The Lebanese Army’s own web site is blunt: “The assistance received from Syria, the USA, and other friendly countries has played a basic role in bridging the gap between needs and available means.”
A number of countries are stepping up to fill those gaps, left in a military ravaged by foreign occupation, a long and losing civil war, and the presence of Hizb’Allah – a foreign-backed private army in Lebanon, with superior firepower. The battle for influence in that country is multi-polar, with countries including the USA, France, and Saudi Arabia moving to counter Syria and Iran’s proxies, and countries like Russia working with independent agendas. The USA has been supplying a wide range of equipment from ammunition to armored vehicles, and is adding tanks, mini-UAVs, and even patrol boats to that list. Belgium has worked to sell some of its own tanks and APCs, France has offered help with Lebanon’s existing French equipment; and in April 2009, Russia went so far as to offer MiG-29 fighters, for free, from its own stocks.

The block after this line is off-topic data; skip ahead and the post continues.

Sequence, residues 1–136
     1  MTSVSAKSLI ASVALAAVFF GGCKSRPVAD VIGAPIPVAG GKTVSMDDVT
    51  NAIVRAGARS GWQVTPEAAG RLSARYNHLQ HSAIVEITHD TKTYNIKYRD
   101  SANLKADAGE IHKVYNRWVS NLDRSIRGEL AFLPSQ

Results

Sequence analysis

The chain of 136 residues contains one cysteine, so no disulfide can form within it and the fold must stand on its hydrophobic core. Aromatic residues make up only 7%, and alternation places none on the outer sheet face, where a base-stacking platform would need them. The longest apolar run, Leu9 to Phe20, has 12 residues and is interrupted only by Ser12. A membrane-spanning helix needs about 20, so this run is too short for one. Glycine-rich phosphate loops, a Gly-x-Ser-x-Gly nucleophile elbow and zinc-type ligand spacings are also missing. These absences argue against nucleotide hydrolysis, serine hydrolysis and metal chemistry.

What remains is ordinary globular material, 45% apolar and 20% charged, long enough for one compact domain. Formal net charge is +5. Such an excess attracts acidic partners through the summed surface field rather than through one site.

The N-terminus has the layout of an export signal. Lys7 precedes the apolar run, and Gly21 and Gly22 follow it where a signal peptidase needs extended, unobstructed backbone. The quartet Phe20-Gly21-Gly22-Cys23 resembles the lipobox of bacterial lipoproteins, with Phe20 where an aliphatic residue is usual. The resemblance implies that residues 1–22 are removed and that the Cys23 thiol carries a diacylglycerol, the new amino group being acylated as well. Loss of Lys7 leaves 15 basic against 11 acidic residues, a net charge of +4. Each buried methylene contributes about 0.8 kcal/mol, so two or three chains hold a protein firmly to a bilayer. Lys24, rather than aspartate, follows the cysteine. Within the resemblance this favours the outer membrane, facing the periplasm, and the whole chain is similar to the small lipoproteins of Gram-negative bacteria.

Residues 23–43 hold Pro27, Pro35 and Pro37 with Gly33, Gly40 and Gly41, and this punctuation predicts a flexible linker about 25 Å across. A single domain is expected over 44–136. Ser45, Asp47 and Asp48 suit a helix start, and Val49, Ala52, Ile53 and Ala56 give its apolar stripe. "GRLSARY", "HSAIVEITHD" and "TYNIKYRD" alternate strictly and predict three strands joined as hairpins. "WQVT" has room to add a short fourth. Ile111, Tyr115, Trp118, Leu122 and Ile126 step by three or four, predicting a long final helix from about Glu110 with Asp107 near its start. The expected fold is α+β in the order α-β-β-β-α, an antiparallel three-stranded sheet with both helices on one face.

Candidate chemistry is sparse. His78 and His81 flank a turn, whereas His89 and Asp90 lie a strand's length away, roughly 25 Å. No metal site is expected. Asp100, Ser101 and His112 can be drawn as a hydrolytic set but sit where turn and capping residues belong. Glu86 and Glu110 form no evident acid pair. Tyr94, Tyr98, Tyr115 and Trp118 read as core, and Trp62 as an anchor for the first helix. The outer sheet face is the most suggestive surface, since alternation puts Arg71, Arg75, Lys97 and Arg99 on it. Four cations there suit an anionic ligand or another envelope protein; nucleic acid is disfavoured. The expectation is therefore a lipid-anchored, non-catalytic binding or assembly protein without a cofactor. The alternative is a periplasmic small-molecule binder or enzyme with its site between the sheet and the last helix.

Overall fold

What capabilities would these systems bring? How are those sales going? And how is Lebanon itself changing, in the wake of both Hezbollah’s takeover and Syria’s civil war?